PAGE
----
Student Safety Month: From K to College!

Posted on June 14, 2017 by kerri

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June is Student Safety Month, and from our teachers to school nurses, to principals and custodial staff, to bus drivers and lunch supervisors, to educational assistants and volunteers, we know there are dozens of people that students encounter during the day to keep them safe! While the amount of supervision eases up as kids get older—unsupervised, or less supervised lunch, walks home, and school trips—students then take more responsibility for not only their own safety, but helping others, too. We have a lot of people to thank for keeping students safe—and yes, that includes students themselves!
From kindergarten (or earlier) to college, the physical and emotional safety of students is important when they’re in class, competing or cheering on the school sports team, or at home doing homework or resting up for another day at school. In a constantly changing world, kids and families are more on guard than ever to keep kids safe—and for students with medical conditions, this can be a task requiring an even greater deal of diligence. As kids grow up, they take on more and more of the responsibility of managing their medical condition and keeping in check with their health needs. This means that parents may fade back their involvement a bit, and teachers may receive less intensive training on the medical needs of the students in their classes. No matter if a child has food allergies, asthma, a heart condition, diabetes, epilepsy, or other medical needs, for Student Safety Week, here at My Identity Doctor we recommend the minimum two steps that should keep kids safe at school:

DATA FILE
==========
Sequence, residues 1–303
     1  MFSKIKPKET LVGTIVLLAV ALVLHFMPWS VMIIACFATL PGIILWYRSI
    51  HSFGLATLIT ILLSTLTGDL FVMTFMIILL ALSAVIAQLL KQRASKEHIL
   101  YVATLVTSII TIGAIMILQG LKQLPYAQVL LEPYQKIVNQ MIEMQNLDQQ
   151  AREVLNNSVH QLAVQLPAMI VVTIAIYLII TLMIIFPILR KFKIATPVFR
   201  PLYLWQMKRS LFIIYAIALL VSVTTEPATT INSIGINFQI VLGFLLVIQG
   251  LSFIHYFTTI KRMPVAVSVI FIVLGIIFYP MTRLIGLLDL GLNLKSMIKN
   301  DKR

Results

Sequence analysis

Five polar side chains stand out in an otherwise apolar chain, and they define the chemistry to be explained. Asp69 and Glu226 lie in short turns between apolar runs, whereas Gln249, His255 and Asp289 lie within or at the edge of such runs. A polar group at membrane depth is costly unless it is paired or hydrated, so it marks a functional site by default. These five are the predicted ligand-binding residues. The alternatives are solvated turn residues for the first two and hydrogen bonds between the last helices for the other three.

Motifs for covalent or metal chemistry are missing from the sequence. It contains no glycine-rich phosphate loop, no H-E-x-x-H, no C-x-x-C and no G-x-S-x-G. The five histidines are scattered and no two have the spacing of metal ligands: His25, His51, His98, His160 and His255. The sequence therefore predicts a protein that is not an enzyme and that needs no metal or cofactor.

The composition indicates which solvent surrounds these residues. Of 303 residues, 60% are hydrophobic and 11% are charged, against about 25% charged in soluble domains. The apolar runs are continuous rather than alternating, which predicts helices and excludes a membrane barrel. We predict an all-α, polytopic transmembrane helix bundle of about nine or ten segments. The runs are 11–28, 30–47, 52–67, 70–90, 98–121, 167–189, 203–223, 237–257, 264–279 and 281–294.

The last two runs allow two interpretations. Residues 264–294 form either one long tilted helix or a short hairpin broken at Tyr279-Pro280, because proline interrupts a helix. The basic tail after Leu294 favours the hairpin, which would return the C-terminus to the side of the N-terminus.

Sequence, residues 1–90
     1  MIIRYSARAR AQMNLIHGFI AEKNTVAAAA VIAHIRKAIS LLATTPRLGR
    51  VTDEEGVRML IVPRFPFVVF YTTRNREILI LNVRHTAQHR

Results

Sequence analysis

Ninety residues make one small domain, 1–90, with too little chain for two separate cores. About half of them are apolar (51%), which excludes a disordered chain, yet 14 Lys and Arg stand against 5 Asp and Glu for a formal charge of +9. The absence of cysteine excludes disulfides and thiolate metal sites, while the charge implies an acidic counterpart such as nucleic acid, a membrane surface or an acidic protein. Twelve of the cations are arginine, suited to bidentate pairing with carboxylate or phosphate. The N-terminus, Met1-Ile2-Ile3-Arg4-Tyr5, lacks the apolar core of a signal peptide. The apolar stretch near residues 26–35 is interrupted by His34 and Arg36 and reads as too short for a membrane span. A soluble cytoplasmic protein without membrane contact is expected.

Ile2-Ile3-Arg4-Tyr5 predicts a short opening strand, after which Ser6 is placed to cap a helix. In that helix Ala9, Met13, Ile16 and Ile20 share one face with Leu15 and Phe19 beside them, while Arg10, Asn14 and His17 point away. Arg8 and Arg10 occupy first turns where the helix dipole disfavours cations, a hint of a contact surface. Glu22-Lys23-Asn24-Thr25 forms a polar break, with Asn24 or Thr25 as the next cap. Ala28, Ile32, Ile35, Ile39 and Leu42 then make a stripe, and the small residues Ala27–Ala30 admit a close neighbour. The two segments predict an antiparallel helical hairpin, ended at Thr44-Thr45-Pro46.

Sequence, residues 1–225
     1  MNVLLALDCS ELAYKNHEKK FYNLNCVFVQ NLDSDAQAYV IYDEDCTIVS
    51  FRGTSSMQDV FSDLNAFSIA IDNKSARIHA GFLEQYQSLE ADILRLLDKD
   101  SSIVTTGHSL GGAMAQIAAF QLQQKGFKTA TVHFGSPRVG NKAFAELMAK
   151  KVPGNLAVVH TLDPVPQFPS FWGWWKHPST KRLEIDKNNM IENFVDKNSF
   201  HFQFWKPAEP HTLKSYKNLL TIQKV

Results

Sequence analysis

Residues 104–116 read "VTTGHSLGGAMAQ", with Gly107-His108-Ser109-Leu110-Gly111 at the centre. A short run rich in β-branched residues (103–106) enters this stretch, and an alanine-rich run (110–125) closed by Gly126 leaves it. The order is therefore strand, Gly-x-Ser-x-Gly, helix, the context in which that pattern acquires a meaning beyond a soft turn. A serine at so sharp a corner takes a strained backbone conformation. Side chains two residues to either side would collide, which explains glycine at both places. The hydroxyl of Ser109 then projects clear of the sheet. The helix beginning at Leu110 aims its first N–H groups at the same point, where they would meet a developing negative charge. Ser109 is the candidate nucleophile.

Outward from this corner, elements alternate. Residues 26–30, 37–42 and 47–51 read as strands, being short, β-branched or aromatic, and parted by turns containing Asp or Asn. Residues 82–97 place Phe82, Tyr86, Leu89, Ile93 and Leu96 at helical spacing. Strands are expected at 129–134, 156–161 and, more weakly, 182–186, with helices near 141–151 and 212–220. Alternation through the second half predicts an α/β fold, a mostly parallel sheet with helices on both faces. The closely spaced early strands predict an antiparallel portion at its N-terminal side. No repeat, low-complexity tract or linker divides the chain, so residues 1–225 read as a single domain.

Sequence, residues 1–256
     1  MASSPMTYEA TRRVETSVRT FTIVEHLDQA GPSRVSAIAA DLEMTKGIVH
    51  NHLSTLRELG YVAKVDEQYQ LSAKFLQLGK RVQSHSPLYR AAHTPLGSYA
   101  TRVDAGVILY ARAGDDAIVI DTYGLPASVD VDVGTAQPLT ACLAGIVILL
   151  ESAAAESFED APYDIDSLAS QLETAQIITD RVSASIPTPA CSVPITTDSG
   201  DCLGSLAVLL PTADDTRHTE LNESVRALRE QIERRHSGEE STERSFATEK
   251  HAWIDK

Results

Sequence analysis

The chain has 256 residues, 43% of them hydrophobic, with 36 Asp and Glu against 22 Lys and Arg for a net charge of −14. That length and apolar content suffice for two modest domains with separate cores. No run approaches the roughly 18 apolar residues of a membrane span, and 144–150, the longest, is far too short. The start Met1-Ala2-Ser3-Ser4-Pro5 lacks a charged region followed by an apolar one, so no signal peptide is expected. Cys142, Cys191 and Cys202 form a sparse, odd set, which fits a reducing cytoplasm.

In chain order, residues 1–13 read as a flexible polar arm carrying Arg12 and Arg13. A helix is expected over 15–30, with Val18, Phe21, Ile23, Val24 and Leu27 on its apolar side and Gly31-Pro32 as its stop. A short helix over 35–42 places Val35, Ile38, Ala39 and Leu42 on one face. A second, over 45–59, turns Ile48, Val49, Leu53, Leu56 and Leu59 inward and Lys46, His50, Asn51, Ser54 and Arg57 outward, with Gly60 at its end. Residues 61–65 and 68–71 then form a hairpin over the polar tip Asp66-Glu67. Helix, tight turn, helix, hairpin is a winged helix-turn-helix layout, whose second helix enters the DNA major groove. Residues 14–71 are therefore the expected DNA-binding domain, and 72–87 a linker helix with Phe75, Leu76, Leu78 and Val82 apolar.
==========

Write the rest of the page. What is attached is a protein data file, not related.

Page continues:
• Students should have a written care plan for their medical condition at school, and have core staff members trained in how to administer necessary medications both regularly and in an emergency
  • Students with medical conditions need to wear a medical ID bracelet or necklace, or even a shoe tag for younger children, at all times!
Young students may not have the ability to communicate their medical needs to adults and other students, and can encounter a lot of people in the day who need to know about their medical needs—medical ID jewelry can help students as they learn to self-advocate. Older students may not want to talk about their health concerns or allergies, and this may also put them at risk—a medical ID bracelet or necklace ensure that students are safe by communicating these needs to school staff, and also friends of older students in the event of a medical emergency—especially those in college. Just these two steps can give parents and families greater peace of mind during the school day, or when an adult kid goes away to college.
College brings even greater independence, and need to manage medical needs adequately. For busy students who have recently moved on campus, ensuring their roommate and resident assistant know about their medical needs and what to do in an emergency is important. A medical ID bracelet, like in younger years, ensures that young adults medical needs are known, in the event they can’t speak for themselves.
For Student Safety Month, take a look—if your child isn’t wearing a medical ID, should they be? And if they are, make sure it’s up to date [LINK] and ready in case it’s needed.

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